On Saturday morning, an emergency alert — which turned out to be a false alarm — went out to Hawaii residents saying a ballistic missile was headed toward them.
A second alert announcing that it was a false alarm didn't go out until about 40 minutes later.
People in Hawaii were left confused, frightened, and unsure what to do.
One person said they were stuck in traffic when they got the alert, and people were "getting out of cars and running and looking at the sky."
Parents said they didn't know how to explain what was happening to their children.
In a CNN interview, Hawaii State Rep. Matt LoPresti said he sat in the bathtub with his children and prayed.
Rocky from Bravo's Below Deck said she had to interrupt a yoga class to tell everyone what was happening.
And some shared how they were sheltering.
One father recorded a goodbye video — and then kept on golfing.
People shared the text messages their family and friends sent them when they heard the news.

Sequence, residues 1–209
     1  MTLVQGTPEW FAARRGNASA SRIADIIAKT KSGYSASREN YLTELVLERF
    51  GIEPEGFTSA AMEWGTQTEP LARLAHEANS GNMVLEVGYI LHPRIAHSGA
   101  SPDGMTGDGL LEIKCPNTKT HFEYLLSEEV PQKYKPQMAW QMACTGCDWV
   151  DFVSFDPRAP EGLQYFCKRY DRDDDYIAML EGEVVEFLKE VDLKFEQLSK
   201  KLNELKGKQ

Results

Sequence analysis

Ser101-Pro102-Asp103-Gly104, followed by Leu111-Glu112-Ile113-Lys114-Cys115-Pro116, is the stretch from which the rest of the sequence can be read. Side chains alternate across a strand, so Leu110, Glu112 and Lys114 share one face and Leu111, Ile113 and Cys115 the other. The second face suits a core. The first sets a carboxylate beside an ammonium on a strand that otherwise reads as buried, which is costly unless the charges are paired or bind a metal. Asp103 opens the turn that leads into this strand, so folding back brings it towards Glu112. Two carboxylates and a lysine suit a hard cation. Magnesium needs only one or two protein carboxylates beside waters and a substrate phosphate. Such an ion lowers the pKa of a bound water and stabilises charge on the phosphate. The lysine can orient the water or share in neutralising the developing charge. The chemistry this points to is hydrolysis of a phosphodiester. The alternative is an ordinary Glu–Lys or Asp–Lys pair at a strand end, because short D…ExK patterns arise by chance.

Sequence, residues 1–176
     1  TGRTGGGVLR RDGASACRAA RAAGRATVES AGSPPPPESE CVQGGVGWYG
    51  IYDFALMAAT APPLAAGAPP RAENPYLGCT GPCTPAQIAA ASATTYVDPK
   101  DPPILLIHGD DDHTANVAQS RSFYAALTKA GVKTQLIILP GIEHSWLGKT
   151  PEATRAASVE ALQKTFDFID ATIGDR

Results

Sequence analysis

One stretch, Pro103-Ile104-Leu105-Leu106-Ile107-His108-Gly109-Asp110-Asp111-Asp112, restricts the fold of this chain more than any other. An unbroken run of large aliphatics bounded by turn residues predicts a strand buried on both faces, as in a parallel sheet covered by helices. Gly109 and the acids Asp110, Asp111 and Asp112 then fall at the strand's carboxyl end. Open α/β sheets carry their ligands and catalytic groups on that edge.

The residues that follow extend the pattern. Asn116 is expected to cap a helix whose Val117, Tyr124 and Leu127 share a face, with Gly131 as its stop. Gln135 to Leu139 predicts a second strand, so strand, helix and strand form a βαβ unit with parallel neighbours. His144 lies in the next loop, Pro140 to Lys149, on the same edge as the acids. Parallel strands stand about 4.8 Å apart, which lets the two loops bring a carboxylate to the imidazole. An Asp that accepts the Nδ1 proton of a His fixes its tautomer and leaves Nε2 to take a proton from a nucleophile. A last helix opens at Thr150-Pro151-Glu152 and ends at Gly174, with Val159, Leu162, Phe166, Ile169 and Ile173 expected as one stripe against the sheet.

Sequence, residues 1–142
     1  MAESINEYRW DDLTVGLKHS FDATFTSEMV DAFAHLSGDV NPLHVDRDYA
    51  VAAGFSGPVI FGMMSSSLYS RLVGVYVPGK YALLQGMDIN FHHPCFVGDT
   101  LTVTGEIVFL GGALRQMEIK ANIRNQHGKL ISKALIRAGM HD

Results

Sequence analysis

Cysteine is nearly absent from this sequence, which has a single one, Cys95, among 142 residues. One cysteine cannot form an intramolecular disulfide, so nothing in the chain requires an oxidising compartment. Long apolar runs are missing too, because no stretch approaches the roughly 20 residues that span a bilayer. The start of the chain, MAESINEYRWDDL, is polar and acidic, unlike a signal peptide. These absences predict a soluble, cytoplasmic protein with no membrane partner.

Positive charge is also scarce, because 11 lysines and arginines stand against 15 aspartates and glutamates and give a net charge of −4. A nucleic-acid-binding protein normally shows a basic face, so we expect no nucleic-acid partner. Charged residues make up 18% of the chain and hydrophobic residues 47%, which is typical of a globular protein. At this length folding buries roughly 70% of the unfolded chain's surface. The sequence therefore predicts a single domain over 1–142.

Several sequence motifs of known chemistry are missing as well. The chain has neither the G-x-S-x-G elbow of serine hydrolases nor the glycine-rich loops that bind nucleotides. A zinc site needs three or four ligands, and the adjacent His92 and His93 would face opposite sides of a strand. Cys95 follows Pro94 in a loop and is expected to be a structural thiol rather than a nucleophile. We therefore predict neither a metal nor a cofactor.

And some shared the voicemails they received.
Others explained how heartbreaking it was to not be near loved ones when the alert went out.
Federal and state authorities have promised a full investigation into Saturday's mishap.
"What happened today is totally inexcusable," tweeted Sen. Brian Schatz, a Hawaii Democrat. "The whole state was terrified. There needs to be tough and quick accountability and a fixed process."
Rep. Tulsi Gabbard recounted to CNN how people in her state got the phone alert and thought they had 15 minutes to live.
"The reality is that every American needs to understand that if you had gone through what the people of Hawaii just went through, what my family and so many families in Hawaii just went through, you would be angry just like I am," she said.